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Tuesday, March 21, 2023
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PTI government records 26 percent increase in exports in four years

In February 2022, exports reached a value of $100 million per day, and the government plans to increase exports to around $40 billion, almost twice the size at which the exports were valued when the PTI government came into power.

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According to local media, under the incumbent government’s rule, exports have witnessed consistent growth, exceeding most of the monthly and half-yearly targets set forth by the government. In contrast, Pakistan’s exports under the rule of PML-N remained invariable.

In 2013 when PML-N took over, the exports were valued at around $25 billion per year, and by the end of their term in 2018, the exports had shrunk down by $2 billion and valued at around $23 billion.

Under the current government’s rule in October 2021, Pakistan’s exports posted a growth of 17.5 percent, rising to $2.4 billion, compared to the corresponding period of the previous year in which the exports valued at around $2.1 billion. In November of the current fiscal year, Pakistan recorded a 33 percent increase in the value of its exports compared to the same period last year.

In February 2022, exports reached a value of $100 million per day, and the government plans to increase exports to around $40 billion, almost twice the size at which the exports were valued when the PTI government came into power.

Read more: Enhanced exports: The only economic solution?

In the last fiscal year, Pakistan exported approximately $25 billion worth of goods and around $6 billion worth of services taking the total export value at around $31 billion.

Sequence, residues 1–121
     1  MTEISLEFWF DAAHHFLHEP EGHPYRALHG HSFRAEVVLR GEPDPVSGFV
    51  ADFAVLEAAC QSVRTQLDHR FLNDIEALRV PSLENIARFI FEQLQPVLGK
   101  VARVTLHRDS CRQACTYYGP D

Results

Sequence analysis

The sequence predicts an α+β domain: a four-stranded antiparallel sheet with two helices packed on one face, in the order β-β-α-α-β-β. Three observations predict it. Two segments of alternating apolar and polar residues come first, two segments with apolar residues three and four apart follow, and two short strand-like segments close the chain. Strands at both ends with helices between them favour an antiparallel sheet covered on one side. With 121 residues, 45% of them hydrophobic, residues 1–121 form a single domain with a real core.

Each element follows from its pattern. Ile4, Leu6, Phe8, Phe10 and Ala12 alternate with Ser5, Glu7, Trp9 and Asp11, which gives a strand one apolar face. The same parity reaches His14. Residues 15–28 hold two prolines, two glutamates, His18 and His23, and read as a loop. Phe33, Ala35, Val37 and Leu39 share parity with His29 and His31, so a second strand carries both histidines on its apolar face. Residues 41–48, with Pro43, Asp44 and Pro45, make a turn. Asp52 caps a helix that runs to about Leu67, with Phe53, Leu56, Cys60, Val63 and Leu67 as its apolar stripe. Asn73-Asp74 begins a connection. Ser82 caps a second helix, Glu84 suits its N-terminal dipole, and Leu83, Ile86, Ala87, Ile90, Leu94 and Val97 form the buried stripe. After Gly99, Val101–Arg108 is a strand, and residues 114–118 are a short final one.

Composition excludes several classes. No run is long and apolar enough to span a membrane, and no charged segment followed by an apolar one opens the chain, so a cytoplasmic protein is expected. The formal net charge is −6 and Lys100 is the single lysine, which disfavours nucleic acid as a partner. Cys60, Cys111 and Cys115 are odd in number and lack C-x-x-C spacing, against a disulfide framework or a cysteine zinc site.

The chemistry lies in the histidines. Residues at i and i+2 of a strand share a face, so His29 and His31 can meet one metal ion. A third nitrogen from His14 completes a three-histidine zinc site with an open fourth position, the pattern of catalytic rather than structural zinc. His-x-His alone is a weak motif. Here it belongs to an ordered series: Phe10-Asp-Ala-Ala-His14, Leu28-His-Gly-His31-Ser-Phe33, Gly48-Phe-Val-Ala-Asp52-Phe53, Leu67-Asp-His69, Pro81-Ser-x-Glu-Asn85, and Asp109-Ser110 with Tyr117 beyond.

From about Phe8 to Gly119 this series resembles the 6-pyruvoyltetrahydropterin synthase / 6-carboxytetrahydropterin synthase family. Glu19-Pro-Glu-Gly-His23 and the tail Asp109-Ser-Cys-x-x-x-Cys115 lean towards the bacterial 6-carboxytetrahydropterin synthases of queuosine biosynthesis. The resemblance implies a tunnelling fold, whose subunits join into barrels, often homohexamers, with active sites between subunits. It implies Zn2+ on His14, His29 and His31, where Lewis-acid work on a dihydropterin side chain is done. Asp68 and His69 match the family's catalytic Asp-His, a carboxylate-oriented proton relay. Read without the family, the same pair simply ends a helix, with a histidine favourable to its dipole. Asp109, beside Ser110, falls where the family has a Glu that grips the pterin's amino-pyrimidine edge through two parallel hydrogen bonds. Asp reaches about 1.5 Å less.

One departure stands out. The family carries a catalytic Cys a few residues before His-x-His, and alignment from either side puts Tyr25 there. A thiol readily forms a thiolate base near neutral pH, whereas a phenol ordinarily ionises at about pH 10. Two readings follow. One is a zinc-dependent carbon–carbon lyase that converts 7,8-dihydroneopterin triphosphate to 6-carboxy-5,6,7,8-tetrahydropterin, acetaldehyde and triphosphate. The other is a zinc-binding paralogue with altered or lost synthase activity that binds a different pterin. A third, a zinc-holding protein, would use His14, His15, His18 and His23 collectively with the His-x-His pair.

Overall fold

However, the trade deficit remained significantly high at approximately $32 billion in the first eight months of the current fiscal year. According to data released by the Pakistan Bureau of Statistics (PBS), the trade deficit in July-February 2021-22 was valued at around $14.4 billion, 82%, more than the corresponding period of the previous year.

The government set a deficit target of $28.4 billion, but due to the import-export disparity, it was already breached in the seventh month of this fiscal year. Due to the widening trade deficit, the central bank’s foreign currency reserves also dipped further to $16.8 billion.

https://twitter.com/developingpak/status/1505763318086221824?t=TY6K-7D30Vg5d-OZVt1Ggg&s=08

Pakistan also witnessed a current account deficit of approximately $2.5 percent in January but immediately recovered in February, bringing it down to just $545 million, a measly figure compared to the trade deficit during the time of the preceding government.

Imports in the PML-N government were valued at around $43 billion in 2013, and by the time the PTI government came into power, the imports had soared to $60 billion, a whopping 37 percent increase in just a span of 5 years.

Read more: Pakistan performs better than India in apparel exports to US

On the contrary, under the incumbent government’s rule, imports have soared 11 percent, and exports have recorded a 26 percent increase in four years. The ruling party had also undertaken several initiatives which support the export economy.

Pakistan’s telecom sector also experienced a tectonic shift due to the “Make in Pakistan Policy” introduced by the government. According to a report by PTA, Pakistan imported 28.0 million mobiles in 2019 alone.

Now, the country produces around 25 million phones, significantly bringing down the imports, which only peaked at 9.74 million units from January 2021 till October. This is due to the growing local assembly facilities and plants introduced as a direct result of the mobile phone policy.

Read more: Omicron and Exports: A Regional Analysis

In his interview with the Global Village Space, the advisor to the prime minister also mentioned that the Pakistan export industry was looking to incentivize the export of non-traditional products such as mobiles and electronics. As a result of these policies, the export of traditional products in non-traditional markets grew by 7 percent, and the export of traditional products in non-traditional markets grew by a whopping 60 percent.